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Letter to the Editor: Why STEM graduate students support CGSU

A union does not limit STEM stipends, but protects them. A union will not negatively impact students who receive the best stipends. Instead, it protects and guarantees increases to the highest stipends, and also increases the minimum. Currently graduate students have no say in minimum stipends and no guarantee that individual stipends will increase from year to year. Summer appointment letters decreased by up to $780 in engineering departments in 2016 compared with 2015. It is unclear how widespread this cut was within the school of engineering since the administration does not inform us of pay cuts, who they affect, or why they occurred.

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Letter to the Editor: On the essential labor of graduate employees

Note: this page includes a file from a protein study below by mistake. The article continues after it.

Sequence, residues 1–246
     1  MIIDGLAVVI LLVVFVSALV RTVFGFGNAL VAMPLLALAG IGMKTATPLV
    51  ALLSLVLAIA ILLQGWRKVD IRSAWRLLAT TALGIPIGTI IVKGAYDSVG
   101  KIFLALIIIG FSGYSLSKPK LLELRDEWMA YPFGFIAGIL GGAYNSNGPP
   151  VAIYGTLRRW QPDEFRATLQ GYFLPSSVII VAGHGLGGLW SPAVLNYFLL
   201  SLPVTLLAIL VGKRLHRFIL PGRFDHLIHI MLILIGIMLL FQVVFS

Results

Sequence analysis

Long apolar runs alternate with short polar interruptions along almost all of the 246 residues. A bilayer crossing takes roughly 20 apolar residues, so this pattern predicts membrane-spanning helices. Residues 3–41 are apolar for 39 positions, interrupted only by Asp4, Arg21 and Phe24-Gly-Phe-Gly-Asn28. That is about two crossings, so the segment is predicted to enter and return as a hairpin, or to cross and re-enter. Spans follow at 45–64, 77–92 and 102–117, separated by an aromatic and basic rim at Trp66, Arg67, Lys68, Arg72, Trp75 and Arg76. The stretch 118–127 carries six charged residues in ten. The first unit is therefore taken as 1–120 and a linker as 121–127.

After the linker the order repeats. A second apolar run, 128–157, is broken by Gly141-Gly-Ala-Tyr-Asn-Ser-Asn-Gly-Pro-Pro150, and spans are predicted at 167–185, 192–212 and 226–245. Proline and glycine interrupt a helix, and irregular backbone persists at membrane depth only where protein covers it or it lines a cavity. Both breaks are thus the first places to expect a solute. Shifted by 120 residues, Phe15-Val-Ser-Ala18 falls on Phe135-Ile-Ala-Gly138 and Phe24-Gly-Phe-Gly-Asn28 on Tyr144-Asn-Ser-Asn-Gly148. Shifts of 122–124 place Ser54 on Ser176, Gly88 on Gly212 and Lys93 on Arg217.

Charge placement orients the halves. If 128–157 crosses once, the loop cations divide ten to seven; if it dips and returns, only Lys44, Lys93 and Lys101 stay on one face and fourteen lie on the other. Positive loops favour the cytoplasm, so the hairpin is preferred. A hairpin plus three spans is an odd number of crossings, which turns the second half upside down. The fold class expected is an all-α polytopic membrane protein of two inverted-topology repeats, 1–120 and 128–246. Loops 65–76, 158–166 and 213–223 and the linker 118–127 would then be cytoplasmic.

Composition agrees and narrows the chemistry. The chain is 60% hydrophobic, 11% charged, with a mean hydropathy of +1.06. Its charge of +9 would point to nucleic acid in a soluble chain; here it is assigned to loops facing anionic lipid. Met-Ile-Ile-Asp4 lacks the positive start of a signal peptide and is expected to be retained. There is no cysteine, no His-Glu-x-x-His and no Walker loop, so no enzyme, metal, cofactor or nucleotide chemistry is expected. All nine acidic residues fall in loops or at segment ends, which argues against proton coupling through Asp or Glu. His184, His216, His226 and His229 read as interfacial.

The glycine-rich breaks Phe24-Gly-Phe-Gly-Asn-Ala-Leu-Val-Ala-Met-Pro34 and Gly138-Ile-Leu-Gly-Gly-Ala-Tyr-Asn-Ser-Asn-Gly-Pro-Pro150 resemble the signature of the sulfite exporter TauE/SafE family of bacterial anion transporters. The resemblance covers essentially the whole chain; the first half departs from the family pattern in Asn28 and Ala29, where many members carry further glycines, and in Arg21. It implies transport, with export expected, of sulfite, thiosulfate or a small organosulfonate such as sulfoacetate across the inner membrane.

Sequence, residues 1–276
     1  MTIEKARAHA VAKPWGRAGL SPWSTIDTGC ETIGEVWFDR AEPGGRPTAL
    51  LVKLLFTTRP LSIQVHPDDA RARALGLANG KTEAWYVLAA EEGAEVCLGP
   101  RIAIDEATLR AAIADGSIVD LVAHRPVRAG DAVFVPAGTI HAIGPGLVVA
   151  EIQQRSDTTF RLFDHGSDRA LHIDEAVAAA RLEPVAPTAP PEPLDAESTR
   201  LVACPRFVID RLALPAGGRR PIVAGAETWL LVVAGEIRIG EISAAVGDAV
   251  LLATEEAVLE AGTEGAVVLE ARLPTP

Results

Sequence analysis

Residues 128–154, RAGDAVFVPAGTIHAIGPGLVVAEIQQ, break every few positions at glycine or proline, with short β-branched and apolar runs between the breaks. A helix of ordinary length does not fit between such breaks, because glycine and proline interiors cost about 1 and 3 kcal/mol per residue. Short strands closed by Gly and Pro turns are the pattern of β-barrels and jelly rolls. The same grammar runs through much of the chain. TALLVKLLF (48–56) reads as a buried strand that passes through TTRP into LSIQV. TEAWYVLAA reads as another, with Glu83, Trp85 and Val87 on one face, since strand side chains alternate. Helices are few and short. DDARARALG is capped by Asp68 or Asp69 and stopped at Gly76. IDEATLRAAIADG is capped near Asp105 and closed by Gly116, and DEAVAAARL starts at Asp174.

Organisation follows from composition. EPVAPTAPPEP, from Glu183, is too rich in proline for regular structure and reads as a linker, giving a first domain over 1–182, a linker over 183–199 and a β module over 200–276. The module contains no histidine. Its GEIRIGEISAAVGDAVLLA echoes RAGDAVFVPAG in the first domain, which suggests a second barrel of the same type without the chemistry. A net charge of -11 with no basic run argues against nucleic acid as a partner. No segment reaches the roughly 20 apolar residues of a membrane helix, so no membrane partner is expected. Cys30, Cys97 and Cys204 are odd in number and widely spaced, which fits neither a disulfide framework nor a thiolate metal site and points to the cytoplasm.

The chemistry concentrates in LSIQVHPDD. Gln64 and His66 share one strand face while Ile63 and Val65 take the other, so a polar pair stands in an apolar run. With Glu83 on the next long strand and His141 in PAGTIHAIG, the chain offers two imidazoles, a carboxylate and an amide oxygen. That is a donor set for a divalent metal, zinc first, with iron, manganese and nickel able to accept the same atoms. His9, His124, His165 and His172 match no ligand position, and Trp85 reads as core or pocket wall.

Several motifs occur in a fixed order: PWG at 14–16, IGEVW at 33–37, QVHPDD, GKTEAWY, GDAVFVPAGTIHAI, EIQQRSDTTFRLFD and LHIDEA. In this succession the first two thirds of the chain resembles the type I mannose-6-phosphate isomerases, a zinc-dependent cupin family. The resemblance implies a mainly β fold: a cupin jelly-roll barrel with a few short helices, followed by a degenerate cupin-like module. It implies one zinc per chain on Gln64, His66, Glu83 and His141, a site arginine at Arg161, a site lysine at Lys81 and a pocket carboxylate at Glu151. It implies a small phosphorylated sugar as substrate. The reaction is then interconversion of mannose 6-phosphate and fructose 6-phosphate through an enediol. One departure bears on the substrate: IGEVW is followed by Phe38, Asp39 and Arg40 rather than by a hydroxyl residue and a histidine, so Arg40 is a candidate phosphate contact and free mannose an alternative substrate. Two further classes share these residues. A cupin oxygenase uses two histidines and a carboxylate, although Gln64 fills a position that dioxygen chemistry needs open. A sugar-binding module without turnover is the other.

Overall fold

To the Editor:

In the March 3, 2017 Graduate School Announcements email’s “Ask a Dean” feature, there was a featured question asking what would happen if graduate employees decided to strike. In her response to this question, Dean of the Graduate School Barbara Knuth, wrote, “Very few undergraduate courses have a graduate assistant as an instructor of record, so it is unlikely that many, if any, classes would stop due to the absence (on strike) of graduate assistants, but such a situation has not occurred before at Cornell so it is hard to predict what the full set of consequences would be.” I write today as a graduate employee teaching a first-year writing seminar, an active participant in shared governance at Cornell and proud supporter and member of Cornell Graduate Students United to affirm the essential labor of graduate employees belittled and erased by Knuth’s response. Even if we follow the scope of Knuth’s response and only focus on teaching assistants, it must be recognized that the labor provided to Cornell University by graduate employees is absolutely essential to its daily functioning and ability to fulfill its educational mission. Full stop. No qualifiers.